With a single coveted gift, after his unexpected death (of appendicitis) in 1996, Ludwig unleashed a chain reaction among Cologne’s museums. The great collector and patron and his wife, Irene, had pledged to give the museum their extensive Picasso collection, consisting of 180 unique pieces and 700 graphics–the largest private collection of Picassos in the world. The condition was that the Ludwig Museum become sole tenant of the space it originally shared with the Wallraf-Richartz Museum. An agreement to that effect was signed in 1994, when 90 works were officially presented; the remainder were consigned in 2001. It might seem that Cologne could revel in a wealth of Picassos and boast yet another museum to grace its diversified cultural skyline. But the process disconcerted some critics, who saw it as an example of the near-dictatorial power enjoyed by a handful of contemporary collectors.
To understand such fears, it is necessary to know that the name of the Wallraf-Richartz Museum honors two enlightened, art-minded burghers. Ferdinand Franz Wallraf, canon and rector of Cologne University, left his extensive art collection to the city on his death in 1824. A museum expressly built to house the works was finally realized in 1861, thanks to the efforts of a local businessman named Johann Heinrich Richartz. Today the institution accommodates works dating from 1200 to 1900, but its international renown rests primarily on its rich medieval and Baroque holdings. The original Wallraf-Richartz building (the so-called Wallrafianum) was destroyed in World War II and a new one erected in 1956; a decade later, the latter was invaded by Peter Ludwig’s bravura collection of Pop art–first “temporarily” displayed in the foyer, then advancing boldly up the stairs and occupying more and more of the premises. What began as a supplement to the historical collection soon outstripped it. A solution was found in 1986 by creating, in the shadow of the venerable Cologne Cathedral, a vast duplex to house both the Wallraf-Richartz and the newly created Ludwig Museum: proof positive of art’s seemingly inexhaustible ability to create strange bedfellows.
Thanks to Ludwig’s insatiable appetite for new acquisitions, space was already at a premium when the industrialist offered the city the Picassos. An agreement was ratified before Ludwig’s death, thus compelling the exquisite Wallraf-Richartz collection to move into its third postwar residence. The site chosen for the new building is only a short walk from the Ludwig. It is situated in one of the city’s historically richest quarters, once favored by goldsmiths and painters, yet one that until recently exuded a derelict air. Despite numerous mementos of Roman power and medieval pomp, the area had never fully recovered from the devastating aerial attack of 1942 known locally as “the night of 1,000 bombers.” The decision to situate a new Wallraf-Richartz here was thus made within a larger context of urban renewal. The architectural competition was won by a local hero, Oswald Mathias Ungers.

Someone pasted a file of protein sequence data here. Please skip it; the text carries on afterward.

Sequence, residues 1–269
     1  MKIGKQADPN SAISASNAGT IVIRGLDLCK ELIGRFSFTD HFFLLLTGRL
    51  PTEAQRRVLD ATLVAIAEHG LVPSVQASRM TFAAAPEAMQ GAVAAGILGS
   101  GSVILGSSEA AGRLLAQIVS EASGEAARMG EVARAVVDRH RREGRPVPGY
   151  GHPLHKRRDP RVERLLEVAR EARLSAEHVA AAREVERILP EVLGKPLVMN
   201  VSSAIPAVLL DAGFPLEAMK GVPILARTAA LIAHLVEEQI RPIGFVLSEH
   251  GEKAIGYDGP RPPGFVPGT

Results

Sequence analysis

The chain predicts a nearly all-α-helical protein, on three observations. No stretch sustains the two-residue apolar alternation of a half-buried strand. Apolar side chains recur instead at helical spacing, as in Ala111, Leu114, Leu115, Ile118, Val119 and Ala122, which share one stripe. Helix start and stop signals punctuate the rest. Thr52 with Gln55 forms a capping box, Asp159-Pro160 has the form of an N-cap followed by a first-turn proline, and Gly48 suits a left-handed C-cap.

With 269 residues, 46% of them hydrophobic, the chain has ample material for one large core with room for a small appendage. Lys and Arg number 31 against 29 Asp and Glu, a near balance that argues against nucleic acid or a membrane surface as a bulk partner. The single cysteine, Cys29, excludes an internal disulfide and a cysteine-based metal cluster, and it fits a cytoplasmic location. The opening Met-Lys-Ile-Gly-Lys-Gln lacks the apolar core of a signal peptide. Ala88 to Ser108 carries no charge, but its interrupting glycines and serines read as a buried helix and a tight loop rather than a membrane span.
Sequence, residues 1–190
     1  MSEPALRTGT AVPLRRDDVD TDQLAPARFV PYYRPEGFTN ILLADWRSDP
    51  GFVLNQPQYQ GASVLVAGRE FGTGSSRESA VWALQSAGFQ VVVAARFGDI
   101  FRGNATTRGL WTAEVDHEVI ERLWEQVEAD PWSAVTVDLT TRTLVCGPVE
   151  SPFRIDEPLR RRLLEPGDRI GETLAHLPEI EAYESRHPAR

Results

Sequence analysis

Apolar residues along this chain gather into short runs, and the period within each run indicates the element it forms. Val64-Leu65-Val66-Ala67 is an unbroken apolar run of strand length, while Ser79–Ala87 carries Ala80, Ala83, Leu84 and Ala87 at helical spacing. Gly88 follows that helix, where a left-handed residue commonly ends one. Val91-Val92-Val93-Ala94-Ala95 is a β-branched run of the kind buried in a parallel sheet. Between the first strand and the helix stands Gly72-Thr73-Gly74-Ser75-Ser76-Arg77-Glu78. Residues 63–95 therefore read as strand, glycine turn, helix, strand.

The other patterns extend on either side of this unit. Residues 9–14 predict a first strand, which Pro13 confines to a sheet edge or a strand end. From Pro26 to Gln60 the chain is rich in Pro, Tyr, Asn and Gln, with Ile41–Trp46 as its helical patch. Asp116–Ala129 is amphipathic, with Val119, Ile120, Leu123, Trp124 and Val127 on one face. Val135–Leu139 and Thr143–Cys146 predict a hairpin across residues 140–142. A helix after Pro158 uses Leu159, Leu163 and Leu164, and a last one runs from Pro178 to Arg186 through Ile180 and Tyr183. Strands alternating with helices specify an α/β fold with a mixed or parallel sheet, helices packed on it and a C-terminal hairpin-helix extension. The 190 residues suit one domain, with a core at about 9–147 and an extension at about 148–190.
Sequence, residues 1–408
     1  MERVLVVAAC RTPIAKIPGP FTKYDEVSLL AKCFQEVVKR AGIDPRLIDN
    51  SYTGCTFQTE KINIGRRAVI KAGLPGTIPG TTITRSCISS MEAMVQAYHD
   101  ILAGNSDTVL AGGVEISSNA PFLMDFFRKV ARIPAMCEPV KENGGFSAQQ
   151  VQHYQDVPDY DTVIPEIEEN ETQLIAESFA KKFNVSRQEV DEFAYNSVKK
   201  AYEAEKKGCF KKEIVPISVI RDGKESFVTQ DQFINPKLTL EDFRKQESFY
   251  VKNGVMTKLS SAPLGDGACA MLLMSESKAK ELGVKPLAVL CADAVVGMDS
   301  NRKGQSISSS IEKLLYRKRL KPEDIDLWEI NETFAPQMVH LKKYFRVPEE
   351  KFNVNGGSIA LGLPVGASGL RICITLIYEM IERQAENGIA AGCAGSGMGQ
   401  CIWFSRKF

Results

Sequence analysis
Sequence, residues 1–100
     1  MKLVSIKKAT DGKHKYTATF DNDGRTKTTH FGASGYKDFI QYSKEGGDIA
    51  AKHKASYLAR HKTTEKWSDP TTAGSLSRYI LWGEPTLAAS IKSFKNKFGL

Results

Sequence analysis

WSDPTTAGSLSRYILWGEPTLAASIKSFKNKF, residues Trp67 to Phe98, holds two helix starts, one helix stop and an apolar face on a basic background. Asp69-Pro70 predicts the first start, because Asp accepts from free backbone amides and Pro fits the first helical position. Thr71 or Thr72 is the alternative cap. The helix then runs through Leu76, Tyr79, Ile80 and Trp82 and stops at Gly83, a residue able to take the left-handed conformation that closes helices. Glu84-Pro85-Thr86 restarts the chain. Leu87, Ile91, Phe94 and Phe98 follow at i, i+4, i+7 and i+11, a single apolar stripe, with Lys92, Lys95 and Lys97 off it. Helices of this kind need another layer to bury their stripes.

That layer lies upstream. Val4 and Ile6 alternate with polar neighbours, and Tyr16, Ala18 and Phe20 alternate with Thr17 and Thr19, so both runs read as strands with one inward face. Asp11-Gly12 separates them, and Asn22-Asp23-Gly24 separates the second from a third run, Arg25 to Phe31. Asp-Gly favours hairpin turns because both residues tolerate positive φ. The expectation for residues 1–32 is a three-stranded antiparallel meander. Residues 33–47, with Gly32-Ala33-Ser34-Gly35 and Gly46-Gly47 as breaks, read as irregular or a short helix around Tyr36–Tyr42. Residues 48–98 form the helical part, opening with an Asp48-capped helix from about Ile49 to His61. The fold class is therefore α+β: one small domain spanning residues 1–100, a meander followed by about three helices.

An Intellectual Idiom
Born in the nearby Eiffel Mountains in 1926, Ungers opened his first architectural office in Cologne in 1950 and quickly adopted the city as his hometown. His earliest works (above all, his private residence in a Cologne suburb) became legendary in architectural circles, yet there were few clients for his sparse, subtly intellectual idiom. In 1965 Ungers began a long association with Cornell University, including a six-year stint as chairman of the department of architecture. His triumphant return to the German scene was signaled by his ingenious though oddly introverted 1984 conversion of a historic villa on the River Main in Frankfurt as a home for the German Architecture Museum. The very existence of that institution (the first of its kind in Europe) signaled a new consciousness of the built environment and, above all, heralded the fashion for creating museum structures as ostentatious showcases that have often seemed more intent on presenting themselves than their holdings.
From the moment the Frankfurt museum opened, Ungers moved from one prestige project to another. Yet his achievements did not receive unanimous praise. His almost fanatical adherence to a minimalist geometry of forms, applied even to torturous furniture, was praised by some as consistent, criticized by others as sterile and cliched. For the new Wallraf-Richartz, completed at a cost of approximately $32 million, Ungers worked within a strict grid-module derived from the adjacent Church of St. Alban’s. In subjecting the entire museum structure to such uncompromising dictates, he settled for the tyranny of geometry over the celebration of human creativity, patronage or urbanity.